- For years, the U.S. military has explored a new kind
of firepower that is instantaneous, precise and virtually inexhaustible:
beams of electromagnetic energy. "Directed-energy" pulses can
be throttled up or down depending on the situation, much like the 'phasers'
on 'Star Trek' could be set to kill or merely stun. Such weapons are now
- But logistical issues have delayed their battlefield
debut - even as soldiers in Iraq encounter tense urban situations in which
the nonlethal capabilities of directed energy could be put to the test.
- "It's a great technology with enormous potential,
but I think the environment's not strong for it," said James Jay Carafano,
a senior fellow at the conservative Heritage Foundation who blames the
military and Congress for not spending enough on getting directed energy
to the front. "The tragedy is that I think it's exactly the right
time for this.
- The hallmark of all directed-energy weapons is that the
target " whether a human or a mechanical object " HAS NO CHANCE
TO AVOID THE SHOT because it moves at the speed of light. At some frequencies,
it can penetrate walls. Since the AMMUNITION IS MERELY LIGHT OR RADIO WAVES,
directed-energy weapons are limited only by the supply of electricity.
And they don't involve chemicals or projectiles that can be inaccurate,
accidentally cause injury or violate international treaties.
- "When you're dealing with people whose full intent
is to die, you can't give people a choice of whether to comply," said
George Gibbs, a systems engineer for the Marine Expeditionary Rifle Squad
Program who oversees directed-energy projects. "What I'm looking for
is a way to shoot everybody, and they're all OK."
- Almost as diverse as the electromagnetic spectrum itself,
directed-energy weapons span a wide range of incarnations. Among the simplest
forms are inexpensive, handheld lasers that fill people's field of vision,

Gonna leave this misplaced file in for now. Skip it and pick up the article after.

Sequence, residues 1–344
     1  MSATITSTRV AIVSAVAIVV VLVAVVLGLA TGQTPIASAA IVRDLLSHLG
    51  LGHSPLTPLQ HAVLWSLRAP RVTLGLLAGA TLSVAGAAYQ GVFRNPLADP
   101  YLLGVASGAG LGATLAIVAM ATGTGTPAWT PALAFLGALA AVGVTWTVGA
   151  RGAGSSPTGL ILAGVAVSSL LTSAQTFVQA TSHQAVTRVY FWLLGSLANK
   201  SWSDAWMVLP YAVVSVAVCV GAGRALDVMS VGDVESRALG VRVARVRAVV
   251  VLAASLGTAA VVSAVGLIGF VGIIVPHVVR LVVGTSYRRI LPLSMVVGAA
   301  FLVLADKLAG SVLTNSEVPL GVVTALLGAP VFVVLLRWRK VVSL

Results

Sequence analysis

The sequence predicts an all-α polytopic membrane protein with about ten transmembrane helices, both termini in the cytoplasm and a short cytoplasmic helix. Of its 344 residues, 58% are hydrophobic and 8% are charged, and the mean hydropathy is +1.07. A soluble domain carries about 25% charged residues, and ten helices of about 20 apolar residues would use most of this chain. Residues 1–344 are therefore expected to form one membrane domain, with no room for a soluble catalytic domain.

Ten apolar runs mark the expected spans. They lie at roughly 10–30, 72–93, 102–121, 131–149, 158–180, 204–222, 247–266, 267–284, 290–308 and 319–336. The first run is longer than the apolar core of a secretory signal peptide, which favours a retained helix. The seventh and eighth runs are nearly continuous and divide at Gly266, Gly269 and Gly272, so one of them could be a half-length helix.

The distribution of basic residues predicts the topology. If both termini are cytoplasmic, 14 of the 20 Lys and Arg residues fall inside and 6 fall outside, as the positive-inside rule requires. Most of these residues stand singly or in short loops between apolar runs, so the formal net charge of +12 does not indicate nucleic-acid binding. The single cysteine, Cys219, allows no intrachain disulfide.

inducing a temporary blindness to ensure they stop at a checkpoint, for
example. Some of these already are used in Iraq. Other radio-frequency
weapons in development can sabotage the electronics of land mines, shoulder-fired
missiles or automobiles " a prospect that interests police departments
in addition to the military.
- A separate branch of directed-energy research involves
bigger, badder beams: LASERS THAT COULD OBLITERATE TARGETS TENS OF MILES
AWAY from ships or planes. Such a strike would be so surgical that, as
some designers put it at a recent conference here, the military could plausibly
- The flexibility of directed-energy weapons could be vital
as wide-scale, force-on-force conflict becomes increasingly rare, many
experts say. But the technology has been slowed by such practical concerns
as how to shrink beam-firing antennas and power supplies.
- Military officials also say more needs to be done to
assure the international community that directed-energy weapons set to
stun rather than kill will not harm noncombatants.
- Such issues recently led the Pentagon to delay its Project
Sheriff, a plan to outfit vehicles in Iraq with a combination of lethal
and nonlethal weaponry " including a highly touted microwave-energy
blaster that makes targets feel as if their skin is on fire. Sheriff has
been pushed at least to 2006.
- "It was best to step back and make sure we understand
where we can go with it," said David Law, science and technology chief
for the Joint Non-Lethal Weapons Directorate.
- The directed-energy component in the project is the Active
Denial System, developed by Air Force researchers and built by Raytheon